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Government Computing 2017: Is Public Sector Digital Transformation Justifiable?

 27th Apr 2017


Government Computing 2017

Public Sector Managers are facing some of the biggest challenges of their careers, as the combined impacts of 'Austerity Mark 3' demands 35% cost savings over the next few years, political uncertainties with Brexit, geographic aggregation and rising citizen expectations. This is even before one layers on the accelerating technology megatrends to deal with. One thing is certain - that we had all best embrace constant change; the question is how do we shape and drive desired changes?

Often Leadership is about empowering change - and for this we need to change our thinking. The organizational approach to achieve incremental change is completely different from that with the goal of achieving transformational change. But here the language can get in the way unless we define terms. In my book, "Transformation" is unlikely to be consider to have been achieved unless a sustainable improvement of at least 50% in one or more of costs, quality or speed is achieved, when viewed holistically.

Let's not kid ourselves that taking an existing paper process and making it digital is automatically 'transformational'. It may be, or provide the springboard to enable such, but replicating processes designed for one medium and age in another format does not by itself optimize modern productivity and experience possibilities.

However in the same time to achieve a successful digital transformation, there may have been dozens of smaller incremental change projects which could potentially have a similar impact. So we must be both ambitious and SMART in our goal setting. Then professionally project manage. This starts with a customer first agreement on business requirements across all stakeholders. Suppliers may be used as catalysts for commencing dialogue about future possibilities, but gaining such agreement needs internal change agents (whether formally or informally tasked as such).

With every project, more transparency over the true TCO of the end-to-end process, both before and after, is needed. This is something where there is scope for much more proactive use of audit results and sharing of best practices.

Digital transformation changes business processes and models. A classic ROI calculation works for single digital initiatives, but not for shifts in business models. Digital investments aimed at disruptive change across the enterprise challenge traditional ROI calculations. Attributing benefits like customer satisfaction or enterprise productivity to a single digital investment is difficult in the context that so much of digital transformation impacts are cumulative.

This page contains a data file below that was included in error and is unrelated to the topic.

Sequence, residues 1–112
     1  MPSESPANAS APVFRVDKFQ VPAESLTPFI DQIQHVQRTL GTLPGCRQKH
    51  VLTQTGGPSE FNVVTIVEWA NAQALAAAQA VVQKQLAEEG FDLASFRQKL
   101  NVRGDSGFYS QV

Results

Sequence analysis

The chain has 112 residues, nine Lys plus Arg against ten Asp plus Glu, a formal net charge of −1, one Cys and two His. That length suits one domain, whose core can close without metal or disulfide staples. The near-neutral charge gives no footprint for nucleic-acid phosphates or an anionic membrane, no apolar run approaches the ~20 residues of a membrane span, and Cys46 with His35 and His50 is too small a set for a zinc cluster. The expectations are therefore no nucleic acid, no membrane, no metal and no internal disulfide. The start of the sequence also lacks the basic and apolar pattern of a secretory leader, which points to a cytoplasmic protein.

We must learn to value change investments through the eyes of our service users (a.k.a. citizens and customers) and then see that the real value relates to increases in long-term productivity and/or engagement, not short-term technology project ROI. ‘Positively disruptive’ transformational change is difficult as it can rarely be won without involving non-IT staff, users and third parties.

Having worked both on Client and Supplier sides of 'technology-based business change', I know how vital it is to gain real alignment of interests form all parties. This needs to be not just words and warm feelings, but in the commercial arrangement internally and externally. Unfortunately, whilst we offer aligned terms, we rarely see true risk-reward sharing contracts across the public sector. This is in part due to restrictions on how benefits can be measured (such as a 50% reduction in work time to complete the same tasks being unable to be counted in a financial investment case) and in part due to a lack of boldness of leadership to realize the highest scale of digital transformation. For those bodies that can grasp the nettle, Austerity Mark 3 budget reductions for administrative processes may be successfully managed.


Author: Chris Jones, Managing Director, Icon UK



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